to Wall Street: "We're comfortable." The massive conglomerate, which makes vehicle parts, antennas, fare collectors and industrial valves, among other things, said it was comfortable with Wall Street expectations for fiscal 2001. Although comfortable with the $5.90 estimate, the company did say that the second half would be stronger than the first. Further handicapping the situation, SPX said earnings would grow 10% in a slowing economy vs. 15% for what it termed a "reasonable economy," whatever
, the parent company of United Airlines, announced that bad weather would snow in December revenues. That's something of a no-brainer, since delays and canceled flights have become an epidemic lately as weather tortures would-be flyers.
The company filed a document with the
Securities and Exchange Commission
that said October and November revenues were lower-than-expected, with December taking the biggest hit. One of United's major hubs located in Chicago, which has been swathed in white stuff lately as the Midwest feels the icy grip of winter.
announced that it will report 2000 earnings per share at the low end of its $2.22 to $2.28 a share guidance range. That's too bad, because the analysts expected the company to make $2.24 a share.
And so, with the company set to release fourth-quarter results that, judging from the full-year forecast, could be lower than expectations, Valassis went ahead and talked about 2001. The company said its first quarter will come in between 59 cents and 65 cents a share, lower than the 71 cent analyst call. But, Valassis did say the rest of 2001 would be pretty good, with the next three quarters appearing to be in the ballpark of estimates.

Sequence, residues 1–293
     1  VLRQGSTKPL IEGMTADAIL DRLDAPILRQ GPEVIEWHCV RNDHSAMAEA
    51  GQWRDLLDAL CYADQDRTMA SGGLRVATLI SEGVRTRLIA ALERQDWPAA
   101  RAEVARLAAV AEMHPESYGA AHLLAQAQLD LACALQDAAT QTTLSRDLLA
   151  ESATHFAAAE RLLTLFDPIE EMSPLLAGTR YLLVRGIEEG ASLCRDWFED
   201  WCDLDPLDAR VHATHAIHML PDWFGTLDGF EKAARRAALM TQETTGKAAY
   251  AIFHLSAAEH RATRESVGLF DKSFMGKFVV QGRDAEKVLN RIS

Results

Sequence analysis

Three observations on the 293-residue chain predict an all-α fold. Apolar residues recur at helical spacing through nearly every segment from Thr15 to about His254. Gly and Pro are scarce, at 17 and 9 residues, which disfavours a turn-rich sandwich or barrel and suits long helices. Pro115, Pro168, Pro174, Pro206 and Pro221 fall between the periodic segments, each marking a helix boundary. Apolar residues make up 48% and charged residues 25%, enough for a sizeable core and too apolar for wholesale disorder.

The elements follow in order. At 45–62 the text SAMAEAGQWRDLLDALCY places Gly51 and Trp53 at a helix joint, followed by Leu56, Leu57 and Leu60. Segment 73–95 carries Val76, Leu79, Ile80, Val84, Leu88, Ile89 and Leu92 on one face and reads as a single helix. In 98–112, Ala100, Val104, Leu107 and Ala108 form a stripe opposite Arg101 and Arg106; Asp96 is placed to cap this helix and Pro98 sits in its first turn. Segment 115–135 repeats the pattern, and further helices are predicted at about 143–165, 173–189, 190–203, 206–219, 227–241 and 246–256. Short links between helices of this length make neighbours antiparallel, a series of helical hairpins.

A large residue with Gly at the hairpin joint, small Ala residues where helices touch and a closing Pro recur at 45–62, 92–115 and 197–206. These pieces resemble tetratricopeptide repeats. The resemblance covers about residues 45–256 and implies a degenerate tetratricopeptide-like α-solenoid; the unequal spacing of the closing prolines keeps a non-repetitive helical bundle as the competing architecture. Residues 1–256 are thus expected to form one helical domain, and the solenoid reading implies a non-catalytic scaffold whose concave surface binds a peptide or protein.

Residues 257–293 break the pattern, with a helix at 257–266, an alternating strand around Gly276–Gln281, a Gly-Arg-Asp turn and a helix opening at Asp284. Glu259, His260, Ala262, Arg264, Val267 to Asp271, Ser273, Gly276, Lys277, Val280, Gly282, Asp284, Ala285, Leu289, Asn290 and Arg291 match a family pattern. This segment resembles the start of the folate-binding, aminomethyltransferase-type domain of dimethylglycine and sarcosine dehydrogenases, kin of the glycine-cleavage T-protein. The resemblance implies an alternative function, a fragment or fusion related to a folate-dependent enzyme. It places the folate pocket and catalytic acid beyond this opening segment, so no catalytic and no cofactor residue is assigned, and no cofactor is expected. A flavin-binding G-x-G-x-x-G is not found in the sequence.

Back to top
was finally picking up some lost ground Friday following a note from
Salomon Smith Barney
entitled "It's Back Up the Truck Time on IBM Shares."
Presumably, backing up the truck would reveal the deep tread marks investors have left on IBM in recent weeks. The computing giant has gotten crushed amid the general swoon in technology stocks. In that time, a number of tech firms, including IBM competitors
, have warned of slowing growth. And the slowdown talk has led many observers to question whether companies like
and, yes, IBM will also have to lower their guidance.
Not so, says Solly. "Rumors about a pre-announcement are, in our opinion, completely unfounded," wrote analyst John Jones. Why? For one thing, IBM, unlike Compaq, Gateway and
, has very little exposure to consumer PCs, having withdrawn from the retail market in that segment. As for IBM's commercial PC business, no one was really expecting much growth there, anyway. Jones claimed that strong results in Big Blue's servers, services, microelectronics and financing businesses should compensate nicely.
Jones wrote that IBM is undervalued on the basis of its price-sales ratio relative to the
, which currently stands at 0.53. In other words, IBM's price-to-sales ratio is just 53% of the S&P 500's. "This is a five-year low vs. a median number of 0.66 and a high performance of a 0.89 ratio," he wrote.
Jones reiterated his buy rating and price target of 130.
analyst Tom Kraemer downgraded IBM and H-P on his suspicion that corporate spending on information technology is slowing.
enjoyed gains despite a report from
that cut forecasted earnings for the company's next two fiscal years.
Prudential analyst Hans Mosesmann slashed his earnings estimate for the Boise, Idaho-based computer memory chip maker to 80 cents a share from $2.28 a share for fiscal 2001, and to $2 a share from $4.60 a share for 2002. Analysts polled by
First Call/Thomson Financial
are expecting $1.81 a share for 2001 and $3.12 a share for 2002.
In his report, Mosesmann said Micron stock "poses an interesting proposition for a patient investor willing to withstand some volatility over the next six months."